Legislators in Baltimore have taken historic steps to ban water privatization in the city—a move that will benefit lower-income earning communities in the majority Black city.

On Monday (August 6), members of the Baltimore City Council approved a resolution that will ban water privatization via a nearly unanimous vote. As reported by ThinkProgress:

The resolution, which would amend the city’s charter to bar any sale of Baltimore water and sewer systems, comes after years of controversy over private corporations looking into purchasing parts of the utilities. If successful, the resolution will become a ballot initiative in the November midterm election.

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Privatization efforts have been wildly unpopular with water accessibility advocates around the country. Such moves typically cost consumers significantly more in water bills, limiting the access of low-income communities who already struggle with affordability challenges. Opponents also argue that privatization limits public accountability and input, in addition to contributing to urban sprawl and hindering overall access to water.

In Baltimore, water costs have increased steadily in recent years. Residents, particularly those who are lower-income earning, have argued that the utility cost is making the city unaffordable and have protested the increases. “Sharp increases in the price of tap water have pushed some of Baltimore’s poorest residents far beyond their ability to pay their bills, an independent economist has concluded,” reported The Baltimore Sun in December. Officials maintain that the rising costs are necessary for upgrades to the city’s aging infrastructure.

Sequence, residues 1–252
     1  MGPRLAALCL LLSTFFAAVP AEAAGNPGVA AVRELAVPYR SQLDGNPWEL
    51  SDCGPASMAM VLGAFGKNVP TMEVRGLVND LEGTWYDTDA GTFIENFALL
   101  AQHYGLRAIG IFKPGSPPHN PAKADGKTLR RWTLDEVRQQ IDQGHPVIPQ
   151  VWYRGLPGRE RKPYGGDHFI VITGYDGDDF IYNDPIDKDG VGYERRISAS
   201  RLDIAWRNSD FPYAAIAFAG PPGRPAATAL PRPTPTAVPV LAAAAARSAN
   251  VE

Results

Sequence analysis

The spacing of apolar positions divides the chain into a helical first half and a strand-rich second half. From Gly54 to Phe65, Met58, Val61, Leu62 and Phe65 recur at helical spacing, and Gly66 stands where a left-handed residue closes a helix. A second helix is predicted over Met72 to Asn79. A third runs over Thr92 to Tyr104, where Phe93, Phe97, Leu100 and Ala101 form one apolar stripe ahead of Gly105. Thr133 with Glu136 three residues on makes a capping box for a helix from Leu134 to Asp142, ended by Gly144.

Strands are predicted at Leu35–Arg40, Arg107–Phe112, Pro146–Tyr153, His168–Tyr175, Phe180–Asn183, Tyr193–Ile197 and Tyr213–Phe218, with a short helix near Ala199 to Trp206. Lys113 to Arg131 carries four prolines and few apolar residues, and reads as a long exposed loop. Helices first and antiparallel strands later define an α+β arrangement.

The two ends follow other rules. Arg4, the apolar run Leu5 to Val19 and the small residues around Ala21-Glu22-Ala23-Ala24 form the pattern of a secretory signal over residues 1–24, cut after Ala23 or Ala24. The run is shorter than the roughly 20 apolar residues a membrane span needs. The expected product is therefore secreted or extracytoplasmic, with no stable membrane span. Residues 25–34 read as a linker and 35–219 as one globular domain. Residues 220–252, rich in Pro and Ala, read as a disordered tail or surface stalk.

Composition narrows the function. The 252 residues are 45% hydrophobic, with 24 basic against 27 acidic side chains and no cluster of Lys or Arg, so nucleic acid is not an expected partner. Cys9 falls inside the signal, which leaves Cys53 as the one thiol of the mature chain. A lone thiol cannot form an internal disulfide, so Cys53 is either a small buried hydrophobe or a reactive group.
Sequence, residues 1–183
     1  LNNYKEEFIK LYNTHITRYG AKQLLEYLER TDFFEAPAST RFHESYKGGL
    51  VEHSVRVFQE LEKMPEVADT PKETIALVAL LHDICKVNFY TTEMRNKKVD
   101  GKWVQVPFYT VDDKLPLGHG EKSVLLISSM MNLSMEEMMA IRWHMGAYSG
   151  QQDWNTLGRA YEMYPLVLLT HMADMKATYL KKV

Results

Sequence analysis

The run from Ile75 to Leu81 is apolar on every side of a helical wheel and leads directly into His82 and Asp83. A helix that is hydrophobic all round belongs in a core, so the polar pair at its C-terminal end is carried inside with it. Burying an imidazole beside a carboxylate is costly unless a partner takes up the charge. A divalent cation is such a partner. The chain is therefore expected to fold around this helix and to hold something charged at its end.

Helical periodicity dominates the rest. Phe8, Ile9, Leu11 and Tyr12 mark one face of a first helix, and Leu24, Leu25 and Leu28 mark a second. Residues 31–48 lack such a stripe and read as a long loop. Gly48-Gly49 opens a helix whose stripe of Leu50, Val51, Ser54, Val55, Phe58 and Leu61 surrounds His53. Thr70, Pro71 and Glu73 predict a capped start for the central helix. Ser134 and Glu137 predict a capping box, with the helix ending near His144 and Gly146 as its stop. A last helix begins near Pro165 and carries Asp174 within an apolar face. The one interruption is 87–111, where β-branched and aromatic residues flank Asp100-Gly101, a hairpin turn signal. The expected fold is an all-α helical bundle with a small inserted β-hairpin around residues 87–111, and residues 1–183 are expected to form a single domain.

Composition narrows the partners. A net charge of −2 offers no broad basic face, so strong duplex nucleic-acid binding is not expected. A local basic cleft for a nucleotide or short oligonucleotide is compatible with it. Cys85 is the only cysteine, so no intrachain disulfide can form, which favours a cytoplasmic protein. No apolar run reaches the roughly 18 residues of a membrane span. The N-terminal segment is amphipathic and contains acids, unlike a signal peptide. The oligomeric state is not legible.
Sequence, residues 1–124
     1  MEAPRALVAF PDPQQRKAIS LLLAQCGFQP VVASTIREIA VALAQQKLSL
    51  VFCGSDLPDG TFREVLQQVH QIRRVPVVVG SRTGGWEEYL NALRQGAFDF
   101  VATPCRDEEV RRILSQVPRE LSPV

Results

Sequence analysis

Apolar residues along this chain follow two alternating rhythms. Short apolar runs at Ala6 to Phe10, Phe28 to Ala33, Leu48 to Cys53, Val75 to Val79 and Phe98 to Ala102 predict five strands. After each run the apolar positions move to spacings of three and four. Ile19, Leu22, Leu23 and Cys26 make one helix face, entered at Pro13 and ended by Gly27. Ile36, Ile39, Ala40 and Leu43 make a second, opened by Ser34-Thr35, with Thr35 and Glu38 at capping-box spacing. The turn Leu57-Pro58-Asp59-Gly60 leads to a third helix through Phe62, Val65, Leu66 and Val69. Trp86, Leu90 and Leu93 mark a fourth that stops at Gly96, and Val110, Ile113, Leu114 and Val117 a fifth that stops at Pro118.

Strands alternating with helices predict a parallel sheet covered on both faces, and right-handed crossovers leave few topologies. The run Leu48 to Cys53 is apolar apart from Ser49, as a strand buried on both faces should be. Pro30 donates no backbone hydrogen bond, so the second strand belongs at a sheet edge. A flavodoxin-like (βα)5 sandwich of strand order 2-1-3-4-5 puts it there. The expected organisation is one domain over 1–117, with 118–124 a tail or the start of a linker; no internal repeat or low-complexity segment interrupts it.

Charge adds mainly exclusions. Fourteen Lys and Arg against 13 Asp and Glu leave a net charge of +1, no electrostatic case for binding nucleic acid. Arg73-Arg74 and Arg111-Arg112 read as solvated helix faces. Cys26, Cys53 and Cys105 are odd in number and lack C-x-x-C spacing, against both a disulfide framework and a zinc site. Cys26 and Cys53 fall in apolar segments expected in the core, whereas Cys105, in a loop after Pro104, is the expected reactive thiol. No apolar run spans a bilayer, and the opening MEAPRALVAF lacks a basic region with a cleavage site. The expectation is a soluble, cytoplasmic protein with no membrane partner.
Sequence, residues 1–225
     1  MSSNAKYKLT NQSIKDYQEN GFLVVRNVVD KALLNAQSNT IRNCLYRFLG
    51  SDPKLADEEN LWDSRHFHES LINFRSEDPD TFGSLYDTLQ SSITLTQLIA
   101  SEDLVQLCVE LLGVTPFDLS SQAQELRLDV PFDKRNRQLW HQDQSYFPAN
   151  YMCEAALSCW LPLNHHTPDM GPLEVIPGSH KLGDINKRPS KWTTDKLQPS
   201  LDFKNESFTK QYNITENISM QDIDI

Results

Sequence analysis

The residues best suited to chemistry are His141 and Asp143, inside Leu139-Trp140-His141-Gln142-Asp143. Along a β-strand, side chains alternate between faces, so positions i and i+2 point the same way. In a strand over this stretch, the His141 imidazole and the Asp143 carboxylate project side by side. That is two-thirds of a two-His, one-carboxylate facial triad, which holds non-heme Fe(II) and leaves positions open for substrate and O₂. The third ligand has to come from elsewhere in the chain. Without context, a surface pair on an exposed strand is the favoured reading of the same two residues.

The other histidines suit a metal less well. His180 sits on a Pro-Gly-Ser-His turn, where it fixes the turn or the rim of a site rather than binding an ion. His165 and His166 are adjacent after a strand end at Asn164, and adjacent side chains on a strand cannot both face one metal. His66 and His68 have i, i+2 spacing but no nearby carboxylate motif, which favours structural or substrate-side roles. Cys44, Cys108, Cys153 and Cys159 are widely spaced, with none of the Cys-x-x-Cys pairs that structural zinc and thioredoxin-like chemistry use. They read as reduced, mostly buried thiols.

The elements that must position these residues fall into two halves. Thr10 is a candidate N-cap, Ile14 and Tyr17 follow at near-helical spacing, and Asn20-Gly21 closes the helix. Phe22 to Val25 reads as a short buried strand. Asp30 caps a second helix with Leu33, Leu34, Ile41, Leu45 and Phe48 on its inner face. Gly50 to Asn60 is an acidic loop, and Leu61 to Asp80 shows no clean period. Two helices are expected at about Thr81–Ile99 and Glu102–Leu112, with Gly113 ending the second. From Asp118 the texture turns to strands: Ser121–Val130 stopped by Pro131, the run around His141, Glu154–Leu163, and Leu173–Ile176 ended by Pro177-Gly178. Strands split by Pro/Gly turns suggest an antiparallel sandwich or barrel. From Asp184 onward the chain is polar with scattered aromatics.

Baltimore residents are not the only people in the nation who face the financial hardships that often accompany water privitazation. As Colorlines previously reported in June, Puerto Rico’s Public-Private Partnerships Authority announced it would begin partially privatizing the Puerto Rico Aqueduct and Sewer Authority. It claimed the move will improve water quality and service for residents. However, Food & Water Watch executive director Wenonah Hauter said in a statement that privatization would lead to “excessively high water bills for households and businesses already struggling to rebuild in the wake of [Hurricane Maria].”

In addition to Puerto Rico, Atlanta and New Orleans have also reportedly faced rising costs and decreased service caused by the privatization of the utility.

Rianna Eckel of Food & Water Watch said in a statement that privatizing water is “simply unethical, immoral and dangerous.” A 2015 survey of the 500 largest water systems found that for-profit providers charge 59 percent more than local governments. Baltimore could become the first major American city to ban the sale and lease of its water and sewer system.

Baltimore, a city of approximately 611,000 people, is 63 percent Black. Twenty-one percent of its residents live below the federal poverty line, according to the latest Census information. Glen Middleton, the executive director of American Federation of State, County and Municipal Employees (AFSCMEMaryland Council 67, said, “Not only will water privatization increase water rates across the city, but it will also deprive low-income communities and communities of color access to clean and safe water…. Keep water privatization away from our communities.”

Now that the resolution has passed in the city council, it will be on the ballot in the citywide midterm election in November.